Prosthetic Joint• High risk joints:- Joint placement within past two years- Prior history of joint infection- Patients with hemophilia- Patients with diabetic mellitus- Patients on immunosuppressive therapy- Rheumatoid arthritis


Prosthetic JointWhich antibiotic should we use?Cephalixin 2.0 gramsClindamycin 600 mgAzithromycin 500 mgClarithomycin 500 mgAmoxicillin 2.0 grams


A. Cardiac ConditionB. Intravascular ProsthesisC. Prosthetic JointsD. Hemodialysis PatientsE. CAPDF. TransplantG. NeutropeniaAntibiotic Prophyxis


Renal DialysisRenal Dialysis can be done in two differentways:1. Hemodialysis: Blood cleansing machine2. CAPD: Continuous AmbulatoryPeritoneal Dialysis


Hemodialysis• Patients on blood cleansing machine need togo to dialysis every other day.• Dialysis patients are repeatedly puncturedand infections can happen• Dialysis patients receive heparin duringdialysis


Hemodialysis Patients• Schedule treatment on non-dialysis day; thiswill minimize excessive bleeding due toresidual heparin in blood stream.• Standard antibiotic prophylaxis need to beuse on these patients.


A. Cardiac ConditionB. Intravascular ProsthesisC. Prosthetic JointsD. Hemodialysis PatientsE. CAPDF. TransplantG. NeutropeniaAntibiotic Prophylaxis


CAPDContinuous Ambulatory Peritoneal Dialysis:- Patient requires a permanent catheter to beimplanted through the wall of stomach intothe peritoneum.- Four times every day a bag of warmedglucose fluid is drain through this catheterto peritoneum.


CAPD- Through osmosis impurities present outsidethe peritoneum will be drawn inside thefluid.- This fluid then will be drained out, a newbag of warm fluid will be drain in and thecatheter will be seal until next exchange.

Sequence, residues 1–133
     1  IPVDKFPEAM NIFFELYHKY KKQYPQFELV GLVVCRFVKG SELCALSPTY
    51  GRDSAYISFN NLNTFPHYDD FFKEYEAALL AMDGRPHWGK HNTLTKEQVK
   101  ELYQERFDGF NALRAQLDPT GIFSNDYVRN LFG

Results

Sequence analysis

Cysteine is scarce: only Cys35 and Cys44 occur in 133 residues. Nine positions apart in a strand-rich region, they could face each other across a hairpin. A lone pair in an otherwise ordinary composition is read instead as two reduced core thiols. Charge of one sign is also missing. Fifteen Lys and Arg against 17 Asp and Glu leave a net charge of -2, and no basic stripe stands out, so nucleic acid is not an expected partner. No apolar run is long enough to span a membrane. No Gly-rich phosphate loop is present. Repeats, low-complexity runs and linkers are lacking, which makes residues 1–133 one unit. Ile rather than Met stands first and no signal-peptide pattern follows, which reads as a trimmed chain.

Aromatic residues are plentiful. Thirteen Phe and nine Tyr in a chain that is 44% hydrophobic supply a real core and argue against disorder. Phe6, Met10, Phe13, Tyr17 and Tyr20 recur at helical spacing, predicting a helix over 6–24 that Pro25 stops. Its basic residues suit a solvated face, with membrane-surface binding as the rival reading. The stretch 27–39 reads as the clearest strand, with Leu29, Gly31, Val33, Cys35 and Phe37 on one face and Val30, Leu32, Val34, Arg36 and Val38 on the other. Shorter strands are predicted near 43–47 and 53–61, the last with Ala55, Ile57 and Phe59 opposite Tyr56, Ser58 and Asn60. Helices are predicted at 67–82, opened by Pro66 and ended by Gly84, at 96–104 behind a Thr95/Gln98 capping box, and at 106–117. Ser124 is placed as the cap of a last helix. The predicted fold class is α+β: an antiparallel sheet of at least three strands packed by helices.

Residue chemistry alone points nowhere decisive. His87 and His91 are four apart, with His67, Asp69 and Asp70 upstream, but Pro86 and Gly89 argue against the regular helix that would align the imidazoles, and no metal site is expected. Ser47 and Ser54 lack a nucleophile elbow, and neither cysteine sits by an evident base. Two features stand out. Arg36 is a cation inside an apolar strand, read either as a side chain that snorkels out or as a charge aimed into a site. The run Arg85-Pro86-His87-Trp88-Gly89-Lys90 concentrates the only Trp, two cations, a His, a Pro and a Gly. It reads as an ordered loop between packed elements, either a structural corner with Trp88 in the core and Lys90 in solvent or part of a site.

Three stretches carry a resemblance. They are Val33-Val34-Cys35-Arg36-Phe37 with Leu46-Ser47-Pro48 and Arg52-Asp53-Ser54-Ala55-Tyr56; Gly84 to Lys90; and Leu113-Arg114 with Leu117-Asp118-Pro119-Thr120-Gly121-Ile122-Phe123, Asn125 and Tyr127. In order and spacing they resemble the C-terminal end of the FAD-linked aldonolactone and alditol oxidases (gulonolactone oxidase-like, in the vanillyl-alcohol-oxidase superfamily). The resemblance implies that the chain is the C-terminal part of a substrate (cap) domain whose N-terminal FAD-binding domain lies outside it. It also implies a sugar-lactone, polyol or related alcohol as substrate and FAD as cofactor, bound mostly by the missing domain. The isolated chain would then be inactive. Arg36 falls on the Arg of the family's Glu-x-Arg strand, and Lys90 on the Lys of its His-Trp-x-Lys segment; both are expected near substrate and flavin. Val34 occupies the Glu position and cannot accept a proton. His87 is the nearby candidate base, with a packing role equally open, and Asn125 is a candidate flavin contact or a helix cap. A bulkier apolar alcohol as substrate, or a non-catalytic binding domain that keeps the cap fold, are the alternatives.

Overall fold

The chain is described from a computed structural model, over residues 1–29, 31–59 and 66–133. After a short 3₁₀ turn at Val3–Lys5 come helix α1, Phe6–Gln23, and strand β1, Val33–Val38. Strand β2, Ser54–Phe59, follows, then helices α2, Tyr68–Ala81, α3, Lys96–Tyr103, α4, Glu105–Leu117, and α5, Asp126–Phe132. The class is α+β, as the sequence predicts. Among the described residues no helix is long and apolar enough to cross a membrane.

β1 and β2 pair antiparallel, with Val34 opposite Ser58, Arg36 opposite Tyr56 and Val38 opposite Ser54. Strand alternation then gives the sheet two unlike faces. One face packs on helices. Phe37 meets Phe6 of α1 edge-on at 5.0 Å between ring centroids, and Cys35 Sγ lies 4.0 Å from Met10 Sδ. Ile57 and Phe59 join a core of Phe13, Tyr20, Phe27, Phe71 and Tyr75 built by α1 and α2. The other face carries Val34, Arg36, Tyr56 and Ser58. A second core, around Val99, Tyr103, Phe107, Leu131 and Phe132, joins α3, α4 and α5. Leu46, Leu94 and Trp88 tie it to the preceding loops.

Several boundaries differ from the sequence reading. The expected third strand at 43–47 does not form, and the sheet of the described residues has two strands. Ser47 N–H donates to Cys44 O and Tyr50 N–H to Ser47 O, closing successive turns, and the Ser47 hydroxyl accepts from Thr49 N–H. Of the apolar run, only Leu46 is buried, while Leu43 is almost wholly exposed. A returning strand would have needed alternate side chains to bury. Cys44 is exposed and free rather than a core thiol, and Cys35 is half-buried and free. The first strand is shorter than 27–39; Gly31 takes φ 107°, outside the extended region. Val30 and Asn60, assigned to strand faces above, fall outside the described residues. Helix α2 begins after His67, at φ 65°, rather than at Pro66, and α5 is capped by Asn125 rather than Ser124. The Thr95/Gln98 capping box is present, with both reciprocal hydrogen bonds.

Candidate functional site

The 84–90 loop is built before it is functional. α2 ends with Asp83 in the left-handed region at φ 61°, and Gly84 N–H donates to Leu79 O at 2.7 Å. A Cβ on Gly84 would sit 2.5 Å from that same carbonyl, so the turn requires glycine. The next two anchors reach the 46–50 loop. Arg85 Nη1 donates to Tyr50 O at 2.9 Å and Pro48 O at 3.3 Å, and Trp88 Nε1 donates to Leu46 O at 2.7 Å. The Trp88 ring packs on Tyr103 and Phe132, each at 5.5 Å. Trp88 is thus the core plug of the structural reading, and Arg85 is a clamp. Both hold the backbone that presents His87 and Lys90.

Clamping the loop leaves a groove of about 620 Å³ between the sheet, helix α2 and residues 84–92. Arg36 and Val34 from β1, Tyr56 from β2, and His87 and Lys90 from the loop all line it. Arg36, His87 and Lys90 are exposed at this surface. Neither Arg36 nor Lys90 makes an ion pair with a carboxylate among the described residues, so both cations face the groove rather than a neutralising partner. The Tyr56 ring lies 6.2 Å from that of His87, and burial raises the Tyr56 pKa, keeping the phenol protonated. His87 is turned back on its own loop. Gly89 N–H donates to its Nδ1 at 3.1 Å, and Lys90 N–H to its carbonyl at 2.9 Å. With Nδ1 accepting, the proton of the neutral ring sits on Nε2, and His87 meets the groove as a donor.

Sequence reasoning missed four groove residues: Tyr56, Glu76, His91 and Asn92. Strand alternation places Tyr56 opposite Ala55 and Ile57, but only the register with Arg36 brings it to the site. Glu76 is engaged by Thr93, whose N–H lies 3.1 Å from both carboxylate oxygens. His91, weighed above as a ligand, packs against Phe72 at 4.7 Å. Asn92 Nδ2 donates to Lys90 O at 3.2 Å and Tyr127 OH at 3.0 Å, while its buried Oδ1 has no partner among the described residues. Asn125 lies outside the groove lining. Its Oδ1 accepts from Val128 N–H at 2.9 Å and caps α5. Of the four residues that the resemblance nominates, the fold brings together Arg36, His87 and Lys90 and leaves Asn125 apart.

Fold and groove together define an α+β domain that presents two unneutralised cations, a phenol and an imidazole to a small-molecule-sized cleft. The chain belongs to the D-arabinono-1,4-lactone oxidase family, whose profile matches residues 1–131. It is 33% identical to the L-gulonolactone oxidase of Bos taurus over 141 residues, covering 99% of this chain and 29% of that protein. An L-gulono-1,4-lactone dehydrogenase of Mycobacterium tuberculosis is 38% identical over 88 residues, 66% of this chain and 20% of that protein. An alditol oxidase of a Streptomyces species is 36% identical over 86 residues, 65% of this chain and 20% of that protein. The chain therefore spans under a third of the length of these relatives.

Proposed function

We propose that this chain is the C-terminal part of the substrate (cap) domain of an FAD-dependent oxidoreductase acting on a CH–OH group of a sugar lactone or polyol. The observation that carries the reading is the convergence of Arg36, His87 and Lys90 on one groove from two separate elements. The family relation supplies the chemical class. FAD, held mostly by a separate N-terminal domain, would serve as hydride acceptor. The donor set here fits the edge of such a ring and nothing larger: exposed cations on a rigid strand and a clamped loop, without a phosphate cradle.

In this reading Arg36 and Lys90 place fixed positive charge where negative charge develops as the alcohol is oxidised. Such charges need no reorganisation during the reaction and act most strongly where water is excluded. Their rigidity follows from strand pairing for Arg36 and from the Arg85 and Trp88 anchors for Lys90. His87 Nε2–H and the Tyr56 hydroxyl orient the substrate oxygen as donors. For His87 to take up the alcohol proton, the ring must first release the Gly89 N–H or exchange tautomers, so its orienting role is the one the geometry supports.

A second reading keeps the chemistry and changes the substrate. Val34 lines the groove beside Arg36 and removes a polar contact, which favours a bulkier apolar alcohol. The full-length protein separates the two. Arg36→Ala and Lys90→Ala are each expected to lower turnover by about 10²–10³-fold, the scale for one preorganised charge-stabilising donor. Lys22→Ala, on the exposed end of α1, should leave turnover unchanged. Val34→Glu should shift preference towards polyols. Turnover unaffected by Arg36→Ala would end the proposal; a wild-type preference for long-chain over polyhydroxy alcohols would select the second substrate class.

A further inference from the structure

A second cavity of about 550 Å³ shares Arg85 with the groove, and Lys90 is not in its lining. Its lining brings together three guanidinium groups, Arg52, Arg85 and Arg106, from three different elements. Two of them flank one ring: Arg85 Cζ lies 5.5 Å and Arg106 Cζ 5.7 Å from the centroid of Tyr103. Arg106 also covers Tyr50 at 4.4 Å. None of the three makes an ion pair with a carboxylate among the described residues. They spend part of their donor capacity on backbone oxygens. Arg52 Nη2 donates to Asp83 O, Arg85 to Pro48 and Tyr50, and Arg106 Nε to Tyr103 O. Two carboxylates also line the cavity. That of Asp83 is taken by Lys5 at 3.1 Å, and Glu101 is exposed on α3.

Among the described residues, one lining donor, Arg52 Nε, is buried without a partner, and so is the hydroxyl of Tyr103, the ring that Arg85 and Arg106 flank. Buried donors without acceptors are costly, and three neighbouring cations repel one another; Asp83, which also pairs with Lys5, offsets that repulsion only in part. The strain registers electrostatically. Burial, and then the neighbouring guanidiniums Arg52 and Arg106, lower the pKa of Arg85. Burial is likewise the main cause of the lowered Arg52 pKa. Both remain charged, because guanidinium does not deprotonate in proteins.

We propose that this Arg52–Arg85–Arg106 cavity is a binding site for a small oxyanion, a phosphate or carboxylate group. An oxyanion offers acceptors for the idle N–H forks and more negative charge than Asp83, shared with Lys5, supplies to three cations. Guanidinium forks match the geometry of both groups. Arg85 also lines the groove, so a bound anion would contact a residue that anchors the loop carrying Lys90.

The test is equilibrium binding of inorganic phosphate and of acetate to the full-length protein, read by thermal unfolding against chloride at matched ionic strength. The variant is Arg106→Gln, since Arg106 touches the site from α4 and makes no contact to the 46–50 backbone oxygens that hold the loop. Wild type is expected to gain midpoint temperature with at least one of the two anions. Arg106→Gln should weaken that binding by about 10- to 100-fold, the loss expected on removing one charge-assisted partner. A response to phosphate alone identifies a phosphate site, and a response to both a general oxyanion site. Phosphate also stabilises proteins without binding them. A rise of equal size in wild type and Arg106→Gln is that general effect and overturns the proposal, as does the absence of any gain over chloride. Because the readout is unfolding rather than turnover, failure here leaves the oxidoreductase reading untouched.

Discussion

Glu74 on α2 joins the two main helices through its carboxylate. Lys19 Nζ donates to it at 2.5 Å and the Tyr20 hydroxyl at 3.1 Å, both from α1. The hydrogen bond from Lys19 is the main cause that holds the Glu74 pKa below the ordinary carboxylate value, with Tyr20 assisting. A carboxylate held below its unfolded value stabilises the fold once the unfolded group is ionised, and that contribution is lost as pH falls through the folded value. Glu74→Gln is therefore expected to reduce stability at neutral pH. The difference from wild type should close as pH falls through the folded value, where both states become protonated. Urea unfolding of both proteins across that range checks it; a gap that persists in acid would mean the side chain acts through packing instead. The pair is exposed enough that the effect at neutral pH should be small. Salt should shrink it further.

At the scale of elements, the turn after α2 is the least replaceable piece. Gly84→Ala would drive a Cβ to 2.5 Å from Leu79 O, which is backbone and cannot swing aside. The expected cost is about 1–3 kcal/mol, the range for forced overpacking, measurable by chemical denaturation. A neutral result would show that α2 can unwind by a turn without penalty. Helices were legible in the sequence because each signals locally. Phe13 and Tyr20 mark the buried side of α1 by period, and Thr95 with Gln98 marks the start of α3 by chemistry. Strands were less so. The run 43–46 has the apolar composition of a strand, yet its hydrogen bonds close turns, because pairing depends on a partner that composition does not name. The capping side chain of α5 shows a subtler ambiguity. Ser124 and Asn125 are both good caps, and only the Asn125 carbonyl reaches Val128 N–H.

CAPD• Patient on CAPD can develop Peritonitis• They require standard antibiotic prophylaxis


A. Cardiac ConditionB. Intravascular ProsthesisC. Prosthetic JointsD. Hemodialysis PatientsE. CAPDF. TransplantG. NeutropeniaAntibiotic prophylaxis


Transplant• All transplant patients areimmunosuppresed• Use standard antibiotic prophylaxis• Avoid clarithomycin ( Biaxin), as it willincrease the level of cyclosporine.


A. Cardiac ConditionB. Intravascular ProsthesisC. Prosthetic JointsD. Hemodialysis PatientsE. CAPDF. TransplantG. NeutropeniaAntibiotic Prophylaxis


Neutropenia• Mild 1000-2000 mm3• Moderate 500-1000 mm3• Severe < 500


NeutropeniaConditions that can cause severe neutropenia:- HIV/ AIDS- Chemotherapy- Drug toxicity- Infections such as TB and typhoid- Bone marrow disorders- etcPatients with severe neutropenia require ABprophylaxis


References1) Patient with a Transient BacteremiaMichael A Huber, DDS / GezaTerezhalmy Journalof Academy of General Dentistry( March- April 2005; p 130- 140)2) Prevention of Bacterial Endocarditis:Recommendation by the American HeartAssociation, 20073) CE Magic: Volume 1, Antibiotics in DentistryLeslie Shu-Tung Fang M.D., PhD